A serious rowing and sailing boat for coastal cruising, with a small cabin aft. It is a functional boat combining modern building methods with a traditional stylish clinker hull shape.
Faerings are the indigenous smallcraft of Scandinavia, direct descendants of the Viking ships that raided and traded throughout Europe starting more than a thousand years ago. Light but strongly built, the distinctive double-ended hulls feature a sweeping sheer-line, lapstrake planking and a narrow waterline for speed under oars and sail.
The traditional faerings were, like the Viking ships, built by fastening overlapping lapstrake planks together with rivets and then adding internal frames for strength. This Nordic boatbuilding method produced lighter boats than the more common method of building a frame and then covering it with planking. The elegant hull shape of the Norwegian faering adapts well to the modern stitch-and-glue method, in which pre-fabricated plywood panels are joined at their edges to create a light and stiff hull with minimal framing.
Boat designer John Harris created a 19′8″ stitch-and-glue faering for beach cruising with one or two sliding-seat rowers. Four of them have been built, but unfortunately there hasn't been time to create the elaborate instruction manual that would make construction accessible to amateurs. However, John used it as the basis for the Faering Cruiser, a longer boat with a small cabin and a sailing rig but still with enough space amidships for a sliding seat rowing rig.
The hull, cockpit and interior framing is mostly 9 mm Okoume plywood and the decks are 6 mm Okoume plywood. With the pre-cut panels in the kit, assembly is very quick. CLC's LapStitch process yields a hull that is stiff, light, beautiful and quick to build.
While 22′6″ of overall length sounds big, this is actually a fairly compact camp-cruiser, weighing only about 650 lb on the trailer. It tows effortlessly behind small cars.
The cabin is comfortable, if cosy; similar to sleeping in a good one-man tent. The advantages over an open boat are that your gear and bedding stay dry no matter what the weather's doing, the sealed compartment provides a great deal more safety in a capsize and you have lockable stowage.
Several rig options were considered before settling on a single balanced lug sail. The sail area is modest, but the hull is very easily driven. The boat is fast, jumping up to 6 knots in 12 knots of wind. 270 lb of water ballast beneath the self-bailing cockpit floor settles the boat right down, though a reef is needed once whitecaps appear unless you're trying to win a race. The pivoting centreboard allows nice balance and excellent upwind ability. The rudder is connected to the tiller with stainless steel cables that run through baffled vents in the cabin (no leaks to worry about). Flipping the tiller up locks the rudder on the centre line for rowing.
With a sliding seat and long sculls, a rower of modest strength and ability can move the boat upwind easily enough, although you're likely to be sailing if there's a long way to go to windward. In a flat calm, it's easy to imagine a 25-mile day under oars alone. We might consider eliminating the sliding-seat option and using shorter oars with a fixed seat. Speed would suffer a little, but there would be no need to stow a sliding seat and oar storage would be improved. Lazy jacks lift the furled boom and yard to clear the cockpit for rowing. A tabernacle scheme for lowering the mast is suggested, but it's fairly complex and will add weight.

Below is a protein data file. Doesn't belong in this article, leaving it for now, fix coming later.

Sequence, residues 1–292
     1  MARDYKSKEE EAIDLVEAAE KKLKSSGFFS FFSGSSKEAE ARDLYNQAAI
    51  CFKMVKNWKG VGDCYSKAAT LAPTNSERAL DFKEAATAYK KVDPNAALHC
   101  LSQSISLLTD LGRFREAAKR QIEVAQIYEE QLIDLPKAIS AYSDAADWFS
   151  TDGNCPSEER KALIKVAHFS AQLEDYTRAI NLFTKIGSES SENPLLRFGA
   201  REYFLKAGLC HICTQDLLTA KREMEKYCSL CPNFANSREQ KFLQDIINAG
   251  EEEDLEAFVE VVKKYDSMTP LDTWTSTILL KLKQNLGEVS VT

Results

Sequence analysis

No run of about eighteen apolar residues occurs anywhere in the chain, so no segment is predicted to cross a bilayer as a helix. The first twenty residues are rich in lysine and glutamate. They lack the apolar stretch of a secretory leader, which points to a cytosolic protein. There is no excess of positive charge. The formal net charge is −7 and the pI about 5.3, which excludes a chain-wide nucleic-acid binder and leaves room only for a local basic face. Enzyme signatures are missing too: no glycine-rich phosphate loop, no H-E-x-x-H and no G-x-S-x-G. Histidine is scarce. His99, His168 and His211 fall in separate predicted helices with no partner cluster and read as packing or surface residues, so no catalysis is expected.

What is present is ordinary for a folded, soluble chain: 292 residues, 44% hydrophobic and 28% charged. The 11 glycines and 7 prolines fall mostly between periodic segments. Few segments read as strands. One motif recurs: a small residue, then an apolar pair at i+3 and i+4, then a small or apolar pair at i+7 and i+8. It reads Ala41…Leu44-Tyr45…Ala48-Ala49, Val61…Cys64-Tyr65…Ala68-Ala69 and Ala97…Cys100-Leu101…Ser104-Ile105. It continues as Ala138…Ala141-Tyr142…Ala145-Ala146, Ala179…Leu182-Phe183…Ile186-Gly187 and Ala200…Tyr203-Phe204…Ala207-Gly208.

As a coastal cruiser, this design offers many advantages: a dry berth, lots of storage and excellent speed under sail and oars. We suspect that many builders would be moving up to this design from kayaks or small rowing boats, seeking more comfort and stowage while maintaining a small footprint on the coastal trail.
The hull kit includes:
Hardware, rowlocks, sliding seat hardware, spars, sail and rigging are not included in this base kit package. This boat is designed for use with a sliding seat, the parts for which are not included in the kit.
While the kit will go together quickly for someone who can read plans and has some experience building larger-scale wood-epoxy composite boats, this is not a project for first-time boatbuilders.
This kit weighs a lot and requires a specialised courier. The price of delivery will vary with your address. You are, of course, very welcome to collect the kit from our Lake District workshop.
The plans contain sufficient information to build the boat from scratch rather than a kit. Despite the stitch-and-glue construction method, the Faering Cruiser is not for first-time boat-builders. Professionals and experienced amateurs will find it a fast and straightforward build, but you'll need to have good plans-reading ability and a couple of wood-epoxy composite boats under your belt before diving in.
The plans include 17 pages of architectural drawings and full-size templates for every part in the boat except the hull planking and decks. There are pages devoted to the rigging of the tiller, hatches and other peculiarities of the design.
An 8-page set of study plans in PDF format that can be viewed using Adobe Reader. After credit card authorisation the file will be sent to the email address put on the order form. Nearly all details are shown, providing a good overview of the boat and it's construction.
These study plans are intended for pre-build study or to help with the decision to purchase. It is not possible to build the boat from scratch using only these plans.